Thematic study: Conceptualising finance to support labour-intensive land redistribution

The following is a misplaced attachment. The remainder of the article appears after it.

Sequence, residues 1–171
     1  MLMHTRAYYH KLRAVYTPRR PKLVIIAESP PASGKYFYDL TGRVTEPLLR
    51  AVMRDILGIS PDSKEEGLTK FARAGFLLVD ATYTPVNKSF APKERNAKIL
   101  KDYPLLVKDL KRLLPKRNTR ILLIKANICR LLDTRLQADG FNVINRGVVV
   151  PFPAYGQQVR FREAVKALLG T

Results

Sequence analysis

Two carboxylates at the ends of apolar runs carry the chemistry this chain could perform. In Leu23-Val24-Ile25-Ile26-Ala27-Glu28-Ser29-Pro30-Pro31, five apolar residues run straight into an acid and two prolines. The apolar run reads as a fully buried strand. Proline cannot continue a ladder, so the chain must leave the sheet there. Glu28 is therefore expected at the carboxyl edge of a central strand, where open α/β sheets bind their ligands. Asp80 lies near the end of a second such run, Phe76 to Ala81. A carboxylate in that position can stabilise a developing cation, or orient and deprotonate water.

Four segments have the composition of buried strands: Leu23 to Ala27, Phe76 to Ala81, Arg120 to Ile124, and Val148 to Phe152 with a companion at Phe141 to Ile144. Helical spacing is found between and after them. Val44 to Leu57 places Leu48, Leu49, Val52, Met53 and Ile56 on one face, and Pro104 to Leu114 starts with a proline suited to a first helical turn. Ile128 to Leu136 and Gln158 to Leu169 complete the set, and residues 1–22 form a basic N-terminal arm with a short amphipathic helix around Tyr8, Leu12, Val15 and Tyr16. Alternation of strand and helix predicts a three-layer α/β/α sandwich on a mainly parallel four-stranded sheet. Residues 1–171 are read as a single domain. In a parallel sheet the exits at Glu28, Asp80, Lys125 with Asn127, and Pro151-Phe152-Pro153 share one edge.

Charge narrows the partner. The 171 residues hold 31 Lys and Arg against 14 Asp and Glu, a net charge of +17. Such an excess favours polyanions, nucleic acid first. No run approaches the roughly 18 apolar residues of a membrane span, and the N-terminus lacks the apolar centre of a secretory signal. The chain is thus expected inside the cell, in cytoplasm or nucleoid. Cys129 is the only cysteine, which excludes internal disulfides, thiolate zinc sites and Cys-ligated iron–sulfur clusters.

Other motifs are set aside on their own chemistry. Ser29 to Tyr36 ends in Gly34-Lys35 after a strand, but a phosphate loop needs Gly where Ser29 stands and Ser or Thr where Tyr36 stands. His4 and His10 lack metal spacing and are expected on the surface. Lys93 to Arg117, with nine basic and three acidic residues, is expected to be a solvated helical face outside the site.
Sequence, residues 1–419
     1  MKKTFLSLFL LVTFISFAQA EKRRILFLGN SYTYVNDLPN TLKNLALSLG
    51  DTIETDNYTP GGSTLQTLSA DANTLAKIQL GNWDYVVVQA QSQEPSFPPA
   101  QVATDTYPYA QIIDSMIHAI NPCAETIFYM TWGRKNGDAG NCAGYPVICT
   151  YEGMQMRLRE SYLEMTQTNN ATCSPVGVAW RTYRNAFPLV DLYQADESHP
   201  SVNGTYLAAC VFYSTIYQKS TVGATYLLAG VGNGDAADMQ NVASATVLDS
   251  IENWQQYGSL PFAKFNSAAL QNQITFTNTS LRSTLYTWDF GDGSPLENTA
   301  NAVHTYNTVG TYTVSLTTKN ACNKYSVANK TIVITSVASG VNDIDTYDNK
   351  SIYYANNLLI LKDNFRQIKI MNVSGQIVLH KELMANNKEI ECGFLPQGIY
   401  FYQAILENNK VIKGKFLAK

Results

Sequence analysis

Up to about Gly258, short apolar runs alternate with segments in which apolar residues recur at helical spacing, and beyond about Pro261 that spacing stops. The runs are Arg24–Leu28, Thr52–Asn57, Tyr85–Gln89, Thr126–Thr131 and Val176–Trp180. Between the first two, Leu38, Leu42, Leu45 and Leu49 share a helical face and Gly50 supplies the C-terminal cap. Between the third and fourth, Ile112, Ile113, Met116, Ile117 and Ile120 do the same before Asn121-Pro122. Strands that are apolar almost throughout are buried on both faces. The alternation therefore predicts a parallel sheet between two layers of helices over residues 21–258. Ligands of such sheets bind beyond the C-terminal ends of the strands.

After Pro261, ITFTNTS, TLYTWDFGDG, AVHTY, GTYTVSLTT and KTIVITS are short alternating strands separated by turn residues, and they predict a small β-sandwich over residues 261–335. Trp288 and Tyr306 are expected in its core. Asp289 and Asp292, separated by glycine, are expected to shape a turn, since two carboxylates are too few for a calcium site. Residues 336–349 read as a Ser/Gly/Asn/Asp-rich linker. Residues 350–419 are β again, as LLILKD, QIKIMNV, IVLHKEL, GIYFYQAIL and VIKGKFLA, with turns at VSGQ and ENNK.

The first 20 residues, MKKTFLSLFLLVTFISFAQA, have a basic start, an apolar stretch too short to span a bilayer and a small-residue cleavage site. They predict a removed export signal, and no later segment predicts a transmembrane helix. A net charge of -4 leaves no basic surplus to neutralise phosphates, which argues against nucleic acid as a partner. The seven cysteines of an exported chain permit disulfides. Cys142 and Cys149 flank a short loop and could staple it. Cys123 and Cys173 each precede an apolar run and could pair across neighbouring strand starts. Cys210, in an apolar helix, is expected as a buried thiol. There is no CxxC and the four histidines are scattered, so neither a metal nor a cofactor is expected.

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This paper seeks to provide an overview and understanding of how South Africa’s smallholder farmers and small-scale black commercial farmers (‘SFs & SSBCFs’) presently finance their agricultural operations (excluding land acquisition), with a view to identifying where the current system could be improved so as to support an employment-intensive land reform premised on these types of farmers. As such, the paper seeks to identify what are the main sources of loan and grant finance to farmers, and to indicate what is known about the reach and effectiveness of these various institutions / products / programmes. The paper also briefly considers what we know about self-financing, while also touching on sundry other financial services and issues, in particular input subsidies, e-money and insurance. While doing so, the paper traces recent policy discussions and debates regarding the provision of agricultural finance. The most salient policy development in recent years is the emergence of a consensus that grant finance should be reduced in favour of loan finance, which has been followed by an abortive attempt to introduce ‘blended finance’. While it is difficult to develop a precise picture of the funding landscape on account of lack of or contradictory data, and the current flux within the sector, some patterns do emerge. First, it is indeed the case that grant finance is almost on a par with loan finance, however there is an evident division of labour whereby loan finance is channelled more towards larger-scale black farmers, and the majority of beneficiaries of grant finance are towards the subsistence end of the spectrum. (Having said this, while subsistence producers are more numerous as beneficiaries of grant funding, it is not clear that, collectively, they receive most of this funding.) There is a logic to this state of affairs in that, to the extent government renders material support to subsistence farmers, it would not make sense for it to be in the form of loans unless the idea is for them to commercialise. On the other hand, much of the support to subsistence producers in principle is in fact meant to promote commercialisation, but appears unable to do so, suggesting that at least some of these grant programmes are ill-conceived. Moreover, among commercially oriented smallholder farmers, there is a woeful absence of both grant and loan finance, and arguably it would make sense to upscale the loan finance aspect. Where SFs & SSBCFs are concerned, a particular problem is the absence of short-term production finance. MAFISA had tried to fill the vacuum, but at present is operating at an extremely low level and, it has been argued, its management challenges have not warranted recapitalisation. The Land Bank, meanwhile, has struggled to do business at scale with SFs & SSBCFs, and has struggled in particular to provide production credit, especially unsecured production credit. Of course, these concerns extend well beyond land reform. Overall, the paper demonstrates that, while there are many financing tools in place to support black farmers in general as well as land reform beneficiaries in particular, their collective footprint is modest-to-small relative to current needs, and grossly inadequate relative to the needs implied by a significantly scaled up redistribution programme aiming to support meaningful numbers of SF and SSBCF beneficiaries.